The first intensive short courses designed to help more people become HGV drivers are under way, as the country continues to battle a big shortage of delivery professionals.
The scheme comes under the government’s Skills Bootcamps programme, designed to support employment in key areas of the economy.
A major theme of the supply chain crisis facing the UK this year has been the dearth of lorry drivers able to keep goods moving from A to B, contributing to empty supermarket shelves, delays in products leaving ports and even the panic buying-inspired fuel shortage in the autumn.
PM’s aim of a high wage and domestic-driven jobs market
At its height in the summer, the haulage industry estimated it was 100,000 people short.
The scenario was a result of many drivers leaving a traditionally unattractive sector to work in and Brexit, which prevented EU drivers returning after 2020 COVID lockdowns.
An angry industry backlash against the government secured only a part-relaxation of immigration rules in September to help alleviate the shortage.
The temporary visa programme, taken up by a small number of drivers, also only runs until Christmas.
But the Road Haulage Association now believes the shortage has improved to around 80,000 drivers – thanks also to greater testing capacity and publicity around rising wages.
The shortage of drivers has bolstered pay power with sign-on and also retention bonuses commonplace this year as firms look to guarantee their workloads.
Ministers see filling the jobs as an important part of fulfilling Boris Johnson’s aim of a high wage and domestic-driven jobs market.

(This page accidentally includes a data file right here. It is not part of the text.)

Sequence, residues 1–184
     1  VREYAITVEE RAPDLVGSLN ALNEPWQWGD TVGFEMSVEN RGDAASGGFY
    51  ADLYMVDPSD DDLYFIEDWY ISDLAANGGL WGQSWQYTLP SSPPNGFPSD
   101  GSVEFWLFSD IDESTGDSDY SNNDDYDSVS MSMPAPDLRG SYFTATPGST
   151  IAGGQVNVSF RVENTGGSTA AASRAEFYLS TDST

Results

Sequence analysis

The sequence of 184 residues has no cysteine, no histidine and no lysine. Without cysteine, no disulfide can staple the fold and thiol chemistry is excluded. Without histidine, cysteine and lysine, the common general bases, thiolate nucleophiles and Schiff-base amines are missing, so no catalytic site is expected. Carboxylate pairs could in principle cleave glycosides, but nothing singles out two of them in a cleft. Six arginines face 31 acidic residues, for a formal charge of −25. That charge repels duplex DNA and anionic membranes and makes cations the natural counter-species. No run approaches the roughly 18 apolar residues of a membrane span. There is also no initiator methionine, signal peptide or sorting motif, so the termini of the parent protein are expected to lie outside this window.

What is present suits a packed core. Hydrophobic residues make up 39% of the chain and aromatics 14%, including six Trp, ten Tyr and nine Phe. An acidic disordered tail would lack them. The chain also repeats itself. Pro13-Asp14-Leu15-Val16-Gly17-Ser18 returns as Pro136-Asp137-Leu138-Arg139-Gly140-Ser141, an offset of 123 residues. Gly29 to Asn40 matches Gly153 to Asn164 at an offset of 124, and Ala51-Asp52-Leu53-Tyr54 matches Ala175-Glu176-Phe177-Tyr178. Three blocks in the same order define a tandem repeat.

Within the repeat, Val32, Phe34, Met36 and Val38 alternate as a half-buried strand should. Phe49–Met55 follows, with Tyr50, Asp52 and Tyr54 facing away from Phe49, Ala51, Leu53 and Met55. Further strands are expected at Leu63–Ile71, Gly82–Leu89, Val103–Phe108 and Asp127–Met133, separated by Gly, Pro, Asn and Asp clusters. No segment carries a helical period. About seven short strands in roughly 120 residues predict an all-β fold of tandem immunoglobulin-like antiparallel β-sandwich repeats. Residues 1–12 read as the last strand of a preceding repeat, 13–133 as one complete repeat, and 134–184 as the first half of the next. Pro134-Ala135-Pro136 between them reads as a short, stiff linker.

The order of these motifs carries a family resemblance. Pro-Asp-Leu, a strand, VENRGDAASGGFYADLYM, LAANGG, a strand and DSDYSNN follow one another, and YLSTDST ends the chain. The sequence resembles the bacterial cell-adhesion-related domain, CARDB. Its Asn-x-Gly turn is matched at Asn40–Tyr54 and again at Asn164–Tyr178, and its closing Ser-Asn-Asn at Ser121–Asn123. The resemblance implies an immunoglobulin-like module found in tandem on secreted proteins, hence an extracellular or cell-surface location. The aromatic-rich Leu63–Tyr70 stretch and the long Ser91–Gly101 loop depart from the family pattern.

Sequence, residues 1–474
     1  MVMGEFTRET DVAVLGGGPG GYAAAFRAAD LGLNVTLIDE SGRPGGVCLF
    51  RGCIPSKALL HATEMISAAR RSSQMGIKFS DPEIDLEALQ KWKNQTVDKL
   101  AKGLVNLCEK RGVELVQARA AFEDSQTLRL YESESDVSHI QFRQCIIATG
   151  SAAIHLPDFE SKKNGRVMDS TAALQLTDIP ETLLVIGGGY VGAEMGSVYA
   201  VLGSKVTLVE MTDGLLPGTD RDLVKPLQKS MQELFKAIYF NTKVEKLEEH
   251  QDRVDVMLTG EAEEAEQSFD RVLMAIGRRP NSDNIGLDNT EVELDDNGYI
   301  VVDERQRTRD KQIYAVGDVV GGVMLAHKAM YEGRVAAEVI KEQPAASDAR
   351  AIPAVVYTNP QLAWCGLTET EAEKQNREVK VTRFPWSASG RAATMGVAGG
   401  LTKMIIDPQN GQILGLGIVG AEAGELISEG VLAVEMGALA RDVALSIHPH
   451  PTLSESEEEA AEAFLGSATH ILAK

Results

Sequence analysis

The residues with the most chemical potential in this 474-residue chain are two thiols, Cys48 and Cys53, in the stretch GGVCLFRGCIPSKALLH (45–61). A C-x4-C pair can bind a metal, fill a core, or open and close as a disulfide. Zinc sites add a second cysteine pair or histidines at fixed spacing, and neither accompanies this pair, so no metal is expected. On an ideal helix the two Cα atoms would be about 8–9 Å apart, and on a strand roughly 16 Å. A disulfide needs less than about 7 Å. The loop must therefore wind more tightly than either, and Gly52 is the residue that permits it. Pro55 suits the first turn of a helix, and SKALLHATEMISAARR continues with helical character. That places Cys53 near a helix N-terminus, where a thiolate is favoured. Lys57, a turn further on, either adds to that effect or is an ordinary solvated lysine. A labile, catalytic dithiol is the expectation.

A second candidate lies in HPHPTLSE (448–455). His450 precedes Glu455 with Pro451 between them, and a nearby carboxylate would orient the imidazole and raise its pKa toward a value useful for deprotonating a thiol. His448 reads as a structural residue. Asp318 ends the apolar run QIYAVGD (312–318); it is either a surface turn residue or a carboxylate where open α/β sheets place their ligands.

The Skills Bootcamps in HGV driving are part of wider aid to build up employment and skills in areas of high demand.
The programme also offers free courses of up to 16 weeks for those aged 19 and above in sectors including the digital economy and construction.
They also guarantee a fast-tracked interview with a local employer afterwards.
Actions to help get more HGV drivers on the road
For potential HGV drivers, or those wishing to bolster their skills, the £34m scheme now has spaces for an expanded 11,000 people in total – up from an initial 5,000.
At least 2,000 people had registered their interest so far via the National Career Service and Jobcentres before the first course got under way, at Croydon in south London.
A list of national course locations was being published on the Skills Bootcamp website.
They are seen as a pathway to being able to take the specialist driving tests demanded of haulage drivers.
The Department for Education said it expected that the first graduates would be on the road from March, aided by a boost in testing capacity of 500 more tests per week.
Ministers’ help to arrest the decline in HGV drivers – a profession that often requires long times away from home – has also included a commitment to help tackle poor facilities for drivers on the road network.
Transport Secretary Grant Shapps said: “The government has worked tirelessly to tackle the driver shortage caused by coronavirus and years of undervalued wages.
“We have now introduced 32 actions to help get more HGV drivers on the road.
“It is good to see that these measures are clearly working, with the haulage industry reporting a significant increase in tests carried out and licenses issued.
“Now these training camps will provide a further boost for the sector as we work together towards its recovery.”